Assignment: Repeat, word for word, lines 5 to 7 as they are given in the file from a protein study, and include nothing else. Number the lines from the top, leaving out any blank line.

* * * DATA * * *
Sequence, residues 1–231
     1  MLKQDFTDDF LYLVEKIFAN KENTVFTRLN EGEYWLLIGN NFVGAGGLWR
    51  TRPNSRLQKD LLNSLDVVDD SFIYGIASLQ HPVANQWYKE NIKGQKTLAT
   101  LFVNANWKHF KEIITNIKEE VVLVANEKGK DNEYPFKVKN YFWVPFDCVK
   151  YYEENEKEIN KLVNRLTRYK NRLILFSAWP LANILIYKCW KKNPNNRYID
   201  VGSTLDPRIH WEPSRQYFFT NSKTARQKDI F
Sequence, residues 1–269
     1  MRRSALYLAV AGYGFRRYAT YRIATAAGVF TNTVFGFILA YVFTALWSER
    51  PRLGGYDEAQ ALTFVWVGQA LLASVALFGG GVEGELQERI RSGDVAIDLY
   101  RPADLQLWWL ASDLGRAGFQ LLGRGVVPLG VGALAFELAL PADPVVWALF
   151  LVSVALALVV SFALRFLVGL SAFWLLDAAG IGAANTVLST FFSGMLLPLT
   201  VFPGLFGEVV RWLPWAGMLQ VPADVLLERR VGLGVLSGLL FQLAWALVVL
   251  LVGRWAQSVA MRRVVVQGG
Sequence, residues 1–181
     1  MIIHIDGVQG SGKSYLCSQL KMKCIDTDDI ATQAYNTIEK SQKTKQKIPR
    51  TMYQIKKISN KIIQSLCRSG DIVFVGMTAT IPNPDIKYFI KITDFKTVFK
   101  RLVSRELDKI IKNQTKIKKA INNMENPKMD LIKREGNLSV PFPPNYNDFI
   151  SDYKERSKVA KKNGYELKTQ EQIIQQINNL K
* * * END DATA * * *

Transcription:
   151  YYEENEKEIN KLVNRLTRYK NRLILFSAWP LANILIYKCW KKNPNNRYID
   201  VGSTLDPRIH WEPSRQYFFT NSKTARQKDI F
Sequence, residues 1–269